Onward and onward toward Denham, our final destination for the night. We made a side stop at Shell Beach, where millions of small white Fragum cockles have accumulated over time to create this unique environment. There is no sand on this beach--it is nothing but these tiny white shells. It is estimated that in some spots the shells are 10 meters deep. The beach itself stretches for over 120 kilometers around L'Haridon Bight and, when we arrived, it was totally deserted. For hermit Peggy, having an entire beach to herself was like dying and going to heaven....

...until the busload of Italian tourists marched over the hill, looking like the final scene of Fellini's 8-1/2 (especially since some of the women carried parisoles).

I could see people wading very far out into the bay, still only up to mid-calf depth, so I decided to take off my shoes and socks and paddle a bit myself. The water was deliciously cool, not at all cold. A good beach to take small kids--no waves, no undertow, safe depth and no sand to stick in all those chubby folds. I didn't go as far out as a lot of folks because Peggy was sitting on the beach, camera in hand, and I just knew that if I pressed my luck, I'd end up falling on my bum, giving her the perfect photo op.

One more stop on our way to Denham was "Eagle Bluff," purported to be the home of osprey and offering an opportunity to observe marine creatures--dolphins, dugongs and sea turtles--from a bird's eye perspective. The road was probably the worst we have encountered, with the soft sand so deep that the car had no traction whatsoever, and the hard surfaces so bumpy, Peggy was afraid she'd leave a few hupcaps behind. The view was indeed spectacular, but we saw no osprey nor marine life. Still it was lovely being on that high place, totally alone, with a vista that stretched for miles.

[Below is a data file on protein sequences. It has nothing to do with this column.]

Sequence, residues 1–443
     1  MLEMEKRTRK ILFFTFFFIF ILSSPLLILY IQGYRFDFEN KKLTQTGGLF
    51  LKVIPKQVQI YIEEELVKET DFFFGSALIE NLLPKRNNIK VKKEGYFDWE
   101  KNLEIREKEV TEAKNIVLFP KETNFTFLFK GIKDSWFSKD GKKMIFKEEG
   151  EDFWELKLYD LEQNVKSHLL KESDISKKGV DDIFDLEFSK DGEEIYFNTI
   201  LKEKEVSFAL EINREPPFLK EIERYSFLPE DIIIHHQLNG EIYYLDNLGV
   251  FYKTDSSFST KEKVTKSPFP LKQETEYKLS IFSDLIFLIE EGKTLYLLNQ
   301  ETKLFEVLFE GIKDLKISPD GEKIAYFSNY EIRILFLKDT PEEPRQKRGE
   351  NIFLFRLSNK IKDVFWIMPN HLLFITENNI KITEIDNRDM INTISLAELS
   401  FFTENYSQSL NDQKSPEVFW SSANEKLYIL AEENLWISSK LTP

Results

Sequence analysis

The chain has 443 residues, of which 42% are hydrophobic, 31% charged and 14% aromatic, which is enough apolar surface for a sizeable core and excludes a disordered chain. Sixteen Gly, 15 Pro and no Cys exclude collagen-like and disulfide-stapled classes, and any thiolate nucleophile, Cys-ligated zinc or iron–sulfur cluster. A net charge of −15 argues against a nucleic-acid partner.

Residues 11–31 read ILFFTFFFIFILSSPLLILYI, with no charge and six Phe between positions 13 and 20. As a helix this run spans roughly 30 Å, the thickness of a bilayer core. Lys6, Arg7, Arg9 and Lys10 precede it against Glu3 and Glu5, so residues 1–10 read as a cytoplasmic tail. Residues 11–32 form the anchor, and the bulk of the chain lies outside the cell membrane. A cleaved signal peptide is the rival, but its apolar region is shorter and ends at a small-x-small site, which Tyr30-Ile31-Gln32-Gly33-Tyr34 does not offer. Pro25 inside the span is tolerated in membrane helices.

On the ride back to the main road, Peggy was determined to beat the poor driving conditions and did her best imitation of an Indy-500 stock car racer, staying off the flat part of the road and hugging the sloped sides. I, wimp that I am, was convinced the whole way that we were going to tip over, so it was a white knuckle ride for me, as Peggy cackled about what a chicken I was.

Finally Denham. We are staying at the Seaside Tourist Village, a place which was located for us by the Tourist Center in Kalbarri. Good thing to have planned ahead, as there seem to be no vacancies here as well. This is primarily a camping ground, but with some cabins. We are in #13, which may or may not bring us bad luck. But we again have a glorious view of the ocean. Shortly after we arrived, a young kangaroo hopped through the park and stopped right across the road from us for a snack of the palm tree fronds.

As the sun set, I walked down to the sand dunes just a few feet from our front door and sat taking photos of the glorious display. All in all, another wonderful day in Paradise.